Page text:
3. Preliminary accounts sometimes contain exaggerations and "false alarms," and accordingly, this report may include some events ultimately found to be erroneous or misleading.

4. Many news agencies do not archive the articles they post on the Internet, and therefore the links to some sources may not be active. To obtain information about the cited articles that are no longer available on the Internet contact the source.

5. USGS Disclaimer Statement for this Website:

Information presented on this website is considered public information and may be distributed or copied. Use of appropriate byline/photo/image credit is requested. We strongly recommend that USGS data be acquired directly from a USGS server and not through other sources that may change the data in some way. While USGS makes every effort to provide accurate and complete information, various data such as names, telephone numbers, etc. may change prior to updating. USGS welcomes suggestions on how to improve our home page and correct errors. USGS provides no warranty, expressed or implied, as to the accuracy, reliability or completeness of furnished data.

Some of the documents on this server may contain live references (or pointers) to information created and maintained by other organizations. Please note that USGS does not control and cannot guarantee the relevance, timeliness, or accuracy of these outside materials.

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RSS and CAP Feeds

An RSS (Really Simple Syndication) feed for the Weekly Volcanic Activity Report first made available on 5 March 2008 can be utilized with the aid of various free downloadable readers. The report content of the news feed is identical to the Weekly Volcanic Activity Report minus some features including the header information (latitude and longitude and summit elevation), the Geologic Summary, and a link to the volcano's page from the Global Volcanism Program. Each volcano report includes a link from the volcano's name back to the more complete information in the Weekly Volcanic Activity Report on the Smithsonian website. On 12 March 2009, GeoRSS tags were added so that the latitude and longitude for each volcano could be included with the feed.

At the end of each individual report is a list of the sources used. We would like to emphasize that the World Organization of Volcano Observatories (WOVO) website (http://www.wovo.org/) lists the regional volcano observatories that have the most authoritative data for many of these events.

CAP (Common Alerting Protocol) feeds are XML files specifically formatted for disaster management.


Google Earth Placemarks

A Google Earth network link for the Weekly Volcanic Activity Report was first made available on 1 April 2009. This file can be loaded into the free Google Earth software, and in turn will load placemarks for volcanoes in the current weekly report. Placemark balloons include the volcano name, report date, report text, sources, and links back to the GVP volcano page for that volcano and to the complete Weekly Report for that week.

 Acronyms and Abbreviations

a.s.l. - above sea level

AVO - Alaska Volcano Observatory

AVHRR - Advanced Very High Resolution Radiometer

CENAPRED - Centro Nacionale de Prevencion de Desastres (México)

CONRED - Coordinadora Nacional para la Reducción de Desastres

COSPEC - Correlation Spectrometer

CVGHM (formerly VSI) - Center of Volcanology and Geological Hazard Mitigation

CVO - Cascades Volcano Observatory (USGS)

GMS - Geostationary Meteorological Satellite

GOES - Geostationary Operational Environmental Satellite

GVO - Goma Volcano Observatory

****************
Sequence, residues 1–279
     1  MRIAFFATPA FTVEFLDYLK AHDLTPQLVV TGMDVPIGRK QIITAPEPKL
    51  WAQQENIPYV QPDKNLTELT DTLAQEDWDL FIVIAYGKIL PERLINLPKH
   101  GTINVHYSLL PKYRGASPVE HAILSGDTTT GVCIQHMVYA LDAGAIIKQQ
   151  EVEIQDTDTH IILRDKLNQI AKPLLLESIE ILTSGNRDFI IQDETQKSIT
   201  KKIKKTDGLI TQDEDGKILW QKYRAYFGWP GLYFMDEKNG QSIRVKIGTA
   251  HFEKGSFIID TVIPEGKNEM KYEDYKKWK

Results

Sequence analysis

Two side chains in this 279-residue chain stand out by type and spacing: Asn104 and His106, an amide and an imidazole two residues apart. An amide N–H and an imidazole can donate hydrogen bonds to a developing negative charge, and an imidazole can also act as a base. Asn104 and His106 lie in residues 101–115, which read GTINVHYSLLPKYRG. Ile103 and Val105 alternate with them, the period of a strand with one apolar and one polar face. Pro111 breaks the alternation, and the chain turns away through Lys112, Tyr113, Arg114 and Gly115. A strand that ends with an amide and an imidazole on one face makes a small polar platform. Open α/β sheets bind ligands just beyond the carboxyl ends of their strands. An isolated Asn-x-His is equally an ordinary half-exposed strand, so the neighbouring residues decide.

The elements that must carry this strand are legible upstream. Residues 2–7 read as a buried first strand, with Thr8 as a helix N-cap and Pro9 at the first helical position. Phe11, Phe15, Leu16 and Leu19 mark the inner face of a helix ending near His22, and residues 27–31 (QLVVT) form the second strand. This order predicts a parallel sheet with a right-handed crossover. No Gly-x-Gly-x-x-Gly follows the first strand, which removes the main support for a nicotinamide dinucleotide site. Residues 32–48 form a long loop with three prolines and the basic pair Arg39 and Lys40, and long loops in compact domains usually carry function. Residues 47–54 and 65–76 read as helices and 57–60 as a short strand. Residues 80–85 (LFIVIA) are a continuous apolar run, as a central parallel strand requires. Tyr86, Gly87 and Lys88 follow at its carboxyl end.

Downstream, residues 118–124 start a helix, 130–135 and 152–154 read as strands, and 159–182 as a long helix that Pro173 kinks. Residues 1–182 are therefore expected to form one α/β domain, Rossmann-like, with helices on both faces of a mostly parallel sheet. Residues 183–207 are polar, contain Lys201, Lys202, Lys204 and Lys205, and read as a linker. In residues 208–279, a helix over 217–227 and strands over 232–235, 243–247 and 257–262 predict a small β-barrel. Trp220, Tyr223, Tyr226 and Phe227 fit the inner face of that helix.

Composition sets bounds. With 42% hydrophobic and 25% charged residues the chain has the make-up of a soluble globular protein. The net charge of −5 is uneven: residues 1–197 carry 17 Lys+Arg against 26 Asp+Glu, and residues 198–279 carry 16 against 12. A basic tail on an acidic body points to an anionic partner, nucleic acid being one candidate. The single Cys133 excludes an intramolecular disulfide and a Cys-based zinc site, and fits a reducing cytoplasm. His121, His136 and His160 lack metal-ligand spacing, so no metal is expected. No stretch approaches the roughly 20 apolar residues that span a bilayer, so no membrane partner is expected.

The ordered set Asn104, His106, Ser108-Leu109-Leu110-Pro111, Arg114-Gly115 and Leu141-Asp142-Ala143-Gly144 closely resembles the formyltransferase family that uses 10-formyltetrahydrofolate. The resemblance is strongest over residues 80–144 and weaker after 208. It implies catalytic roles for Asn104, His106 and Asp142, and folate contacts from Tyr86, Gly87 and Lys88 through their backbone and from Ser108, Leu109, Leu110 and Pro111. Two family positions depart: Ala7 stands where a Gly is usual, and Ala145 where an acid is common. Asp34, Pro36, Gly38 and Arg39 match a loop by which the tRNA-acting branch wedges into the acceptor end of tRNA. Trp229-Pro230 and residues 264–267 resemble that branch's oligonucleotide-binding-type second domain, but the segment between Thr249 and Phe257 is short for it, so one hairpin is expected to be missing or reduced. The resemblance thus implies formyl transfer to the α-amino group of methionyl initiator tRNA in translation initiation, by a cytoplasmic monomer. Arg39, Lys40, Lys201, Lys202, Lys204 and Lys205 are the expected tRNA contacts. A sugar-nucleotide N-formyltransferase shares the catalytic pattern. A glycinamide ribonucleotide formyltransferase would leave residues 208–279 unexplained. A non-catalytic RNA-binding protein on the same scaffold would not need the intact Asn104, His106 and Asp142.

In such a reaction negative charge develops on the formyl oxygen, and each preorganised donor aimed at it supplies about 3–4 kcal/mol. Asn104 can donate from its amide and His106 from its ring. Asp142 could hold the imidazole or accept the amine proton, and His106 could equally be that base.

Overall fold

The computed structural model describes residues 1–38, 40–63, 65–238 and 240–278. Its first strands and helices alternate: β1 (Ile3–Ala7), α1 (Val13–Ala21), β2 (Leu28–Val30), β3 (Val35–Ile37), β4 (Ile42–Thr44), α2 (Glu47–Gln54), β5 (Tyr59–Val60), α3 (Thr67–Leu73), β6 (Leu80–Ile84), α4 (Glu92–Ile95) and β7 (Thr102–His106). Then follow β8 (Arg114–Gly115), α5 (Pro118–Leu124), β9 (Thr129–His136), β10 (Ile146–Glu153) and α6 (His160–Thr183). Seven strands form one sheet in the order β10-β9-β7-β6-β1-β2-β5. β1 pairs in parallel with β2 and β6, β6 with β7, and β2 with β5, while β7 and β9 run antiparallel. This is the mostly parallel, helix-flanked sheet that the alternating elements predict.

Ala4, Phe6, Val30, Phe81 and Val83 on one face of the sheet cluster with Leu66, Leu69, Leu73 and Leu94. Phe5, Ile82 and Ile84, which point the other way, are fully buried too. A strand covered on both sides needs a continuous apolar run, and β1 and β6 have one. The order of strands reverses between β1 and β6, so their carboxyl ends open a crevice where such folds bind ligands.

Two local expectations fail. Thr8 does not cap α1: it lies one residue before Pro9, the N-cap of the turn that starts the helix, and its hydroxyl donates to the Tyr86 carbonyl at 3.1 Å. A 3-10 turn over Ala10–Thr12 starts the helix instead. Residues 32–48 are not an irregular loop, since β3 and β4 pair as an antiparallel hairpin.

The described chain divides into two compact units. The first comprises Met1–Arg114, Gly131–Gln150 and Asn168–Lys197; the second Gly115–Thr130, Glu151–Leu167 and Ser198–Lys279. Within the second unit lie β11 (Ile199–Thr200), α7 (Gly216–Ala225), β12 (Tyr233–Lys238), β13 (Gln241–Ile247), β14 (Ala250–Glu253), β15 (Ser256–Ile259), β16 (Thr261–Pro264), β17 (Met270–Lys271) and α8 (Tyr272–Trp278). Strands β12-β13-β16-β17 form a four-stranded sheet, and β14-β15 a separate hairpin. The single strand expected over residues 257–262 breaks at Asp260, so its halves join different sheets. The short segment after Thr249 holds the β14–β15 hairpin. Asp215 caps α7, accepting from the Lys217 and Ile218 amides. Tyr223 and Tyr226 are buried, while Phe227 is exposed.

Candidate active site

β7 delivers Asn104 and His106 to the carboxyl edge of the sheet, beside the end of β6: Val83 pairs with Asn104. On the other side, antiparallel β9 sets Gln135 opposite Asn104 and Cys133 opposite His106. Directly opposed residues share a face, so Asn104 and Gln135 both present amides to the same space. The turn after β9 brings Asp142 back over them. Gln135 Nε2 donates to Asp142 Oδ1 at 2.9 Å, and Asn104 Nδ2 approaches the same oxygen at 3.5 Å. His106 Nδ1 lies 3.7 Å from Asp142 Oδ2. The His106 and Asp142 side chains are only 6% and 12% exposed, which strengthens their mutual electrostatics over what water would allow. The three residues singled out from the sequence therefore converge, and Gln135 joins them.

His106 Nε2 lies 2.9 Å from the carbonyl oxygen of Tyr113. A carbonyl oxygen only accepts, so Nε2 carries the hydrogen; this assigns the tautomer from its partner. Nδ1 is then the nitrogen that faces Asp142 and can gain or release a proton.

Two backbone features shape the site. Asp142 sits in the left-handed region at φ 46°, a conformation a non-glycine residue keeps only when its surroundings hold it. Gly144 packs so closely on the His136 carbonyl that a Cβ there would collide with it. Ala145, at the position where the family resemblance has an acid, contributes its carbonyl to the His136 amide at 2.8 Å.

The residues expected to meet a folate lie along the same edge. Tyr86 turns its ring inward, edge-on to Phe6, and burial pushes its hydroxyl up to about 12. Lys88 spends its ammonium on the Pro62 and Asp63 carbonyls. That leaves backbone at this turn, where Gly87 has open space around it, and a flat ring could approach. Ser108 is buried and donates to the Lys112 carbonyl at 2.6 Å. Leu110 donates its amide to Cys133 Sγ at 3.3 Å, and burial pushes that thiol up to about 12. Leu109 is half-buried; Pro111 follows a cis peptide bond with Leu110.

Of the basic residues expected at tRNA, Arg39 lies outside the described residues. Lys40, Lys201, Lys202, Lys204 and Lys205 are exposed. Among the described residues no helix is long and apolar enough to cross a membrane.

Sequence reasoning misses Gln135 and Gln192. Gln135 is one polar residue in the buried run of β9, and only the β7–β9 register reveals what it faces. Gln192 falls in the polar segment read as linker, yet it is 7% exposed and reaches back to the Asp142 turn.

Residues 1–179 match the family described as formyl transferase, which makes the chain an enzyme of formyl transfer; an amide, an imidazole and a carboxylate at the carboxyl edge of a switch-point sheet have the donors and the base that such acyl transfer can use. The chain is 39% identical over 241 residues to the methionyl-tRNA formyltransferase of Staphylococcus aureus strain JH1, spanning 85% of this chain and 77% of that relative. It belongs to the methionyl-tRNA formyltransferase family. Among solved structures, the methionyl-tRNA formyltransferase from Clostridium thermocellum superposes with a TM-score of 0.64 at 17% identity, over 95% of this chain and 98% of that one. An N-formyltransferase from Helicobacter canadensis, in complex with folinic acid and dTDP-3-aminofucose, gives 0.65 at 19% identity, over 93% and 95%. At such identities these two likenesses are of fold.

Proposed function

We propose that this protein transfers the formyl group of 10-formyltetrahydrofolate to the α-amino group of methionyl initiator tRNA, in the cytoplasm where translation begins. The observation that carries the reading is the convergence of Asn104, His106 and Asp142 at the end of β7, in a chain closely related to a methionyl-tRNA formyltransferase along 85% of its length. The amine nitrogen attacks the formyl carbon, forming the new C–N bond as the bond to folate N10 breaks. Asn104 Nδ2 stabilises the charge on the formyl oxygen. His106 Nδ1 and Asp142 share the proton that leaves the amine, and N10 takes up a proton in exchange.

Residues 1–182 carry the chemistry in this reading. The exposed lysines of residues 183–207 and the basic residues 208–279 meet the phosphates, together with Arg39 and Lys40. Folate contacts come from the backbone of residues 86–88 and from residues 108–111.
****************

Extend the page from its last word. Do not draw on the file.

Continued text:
GVP - Global Volcanism Program (Smithsonian Institution)

HVO - Hawaiian Volcano Observatory (USGS)

ICE - Instituto Costarricense de Electricidad (Costa Rica)

IG - Instituto Geofísico (Ecuador)

IGNS - Institute of Geological and Nuclear Sciences (New Zealand) - now GNS Science

INETER - Instituto Nicaragüense de Estudios Territoriales (Nicaragua)

INGEMMET - Instituto Geológical Minero y Metalúrgico (Peru)

INGEOMINAS - Instituto Colombiano de Geología y Minería (Colombia)

INGV-CT - Istituto Nazionale di Geofisica e Vulcanologia - Sezione di Catania (Italy)

INSIVUMEH - Instituto Nacional de Sismologia, Vulcanologia, Meteorologia e Hidrologia (Guatemala)

IRD - Institut de Recherche pour le Développement (France)

JMA - Japanese Meteorological Agency

KEMSD - Kamchatkan Experimental and Methodical Seismilogical Department

KVERT - Kamchatkan Volcanic Eruption Response Team

M - magnitude

METEOSAT - Meteorological Satellite

MEVO - Mount Erebus Volcano Observatory

MODIS - Moderate Resolution Imaging Spectroradiometer

MVO - Montserrat Volcano Observatory

MWO - Meteorological Watch Office

NEIC - National Earthquake Information Center

NIED - National Research Institute for Earth Science and Disaster Prevention (Japan)

NOAA - National Oceanic and Atmospheric Administration

NOTAM - Notice to Airmen

OVDAS - Observatorio Volcanologico de los Andes del Sur (Chile)

OFDA - Office of US Foreign Disaster Assistance

ONEMI - Oficina Nacional de Emergencia - Ministerio del Interior (Chile)

OVPDLF - Observatoire Volcanologique du Piton de la Fournaise (France)

OVSICORI-UNA - Observatorio Vulcanologico y Sismologico de Costa Rica, Universidad Nacional (Costa Rica)

PHIVOLCS - Philippine Institute of Volcanology and Seismology (Philippines)

RSAM - Real-time Seismic Amplitude Measurement

RVO - Rabaul Volcano Observatory

SERNAGEOMIN - Servicio Nacional de Geologia y Mineria (Chile)

SIGMET - Significant Meteorological Information

SNET - Servicio Nacional de Estudios Territoriales (El Salvador)

SVERT - Sakhalin Volcanic Eruption Response Team (Russia)

USAID - US Agency for International Development

USGS - United States Geological Survey

UTC - Coordinated Universal Time

VAAC - Volcanic Ash Advisory Center

VAFTAD - Volcanic Ash Forecast Transport And Dispersion

VDAP - Volcano Disaster Assistance Program (USGS)

VHP - Volcano Hazards Program (USGS)

VRC - Volcano Research Center (Japan)